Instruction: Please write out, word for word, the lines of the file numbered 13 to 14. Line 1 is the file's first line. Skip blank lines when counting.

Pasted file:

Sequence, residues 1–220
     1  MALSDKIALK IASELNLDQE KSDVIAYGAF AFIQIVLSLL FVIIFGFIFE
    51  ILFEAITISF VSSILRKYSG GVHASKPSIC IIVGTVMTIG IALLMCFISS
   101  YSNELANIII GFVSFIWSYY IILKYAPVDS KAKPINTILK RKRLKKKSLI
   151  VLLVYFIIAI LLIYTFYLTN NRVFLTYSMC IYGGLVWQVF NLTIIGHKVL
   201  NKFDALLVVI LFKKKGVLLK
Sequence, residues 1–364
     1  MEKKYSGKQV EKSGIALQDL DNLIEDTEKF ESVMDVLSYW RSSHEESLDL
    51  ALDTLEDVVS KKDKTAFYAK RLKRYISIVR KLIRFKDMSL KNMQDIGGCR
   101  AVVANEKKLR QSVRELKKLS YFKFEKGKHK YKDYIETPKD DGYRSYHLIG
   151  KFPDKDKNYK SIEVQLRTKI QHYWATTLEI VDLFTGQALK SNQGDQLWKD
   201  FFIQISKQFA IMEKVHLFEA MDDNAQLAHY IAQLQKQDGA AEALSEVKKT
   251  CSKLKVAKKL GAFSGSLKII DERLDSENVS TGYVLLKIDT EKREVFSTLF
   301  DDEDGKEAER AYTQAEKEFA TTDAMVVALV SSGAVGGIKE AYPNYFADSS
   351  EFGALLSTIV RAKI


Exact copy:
   251  CSKLKVAKKL GAFSGSLKII DERLDSENVS TGYVLLKIDT EKREVFSTLF
   301  DDEDGKEAER AYTQAEKEFA TTDAMVVALV SSGAVGGIKE AYPNYFADSS